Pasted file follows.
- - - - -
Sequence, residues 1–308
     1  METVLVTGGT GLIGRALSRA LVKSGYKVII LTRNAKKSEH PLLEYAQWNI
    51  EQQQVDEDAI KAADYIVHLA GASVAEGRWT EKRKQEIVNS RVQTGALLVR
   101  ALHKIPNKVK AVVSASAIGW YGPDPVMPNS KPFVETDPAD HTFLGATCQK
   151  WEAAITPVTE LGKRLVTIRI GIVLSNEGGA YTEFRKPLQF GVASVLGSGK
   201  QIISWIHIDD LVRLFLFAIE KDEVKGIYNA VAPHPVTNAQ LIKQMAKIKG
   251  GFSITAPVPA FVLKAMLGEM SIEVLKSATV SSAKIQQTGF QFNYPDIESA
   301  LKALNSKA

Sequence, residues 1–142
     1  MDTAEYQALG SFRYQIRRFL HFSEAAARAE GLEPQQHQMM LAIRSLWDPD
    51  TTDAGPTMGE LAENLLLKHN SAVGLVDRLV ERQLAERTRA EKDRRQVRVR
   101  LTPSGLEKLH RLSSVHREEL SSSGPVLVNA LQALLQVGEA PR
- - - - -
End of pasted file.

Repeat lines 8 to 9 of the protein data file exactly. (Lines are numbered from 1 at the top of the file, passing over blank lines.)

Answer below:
   301  LKALNSKA

Sequence, residues 1–142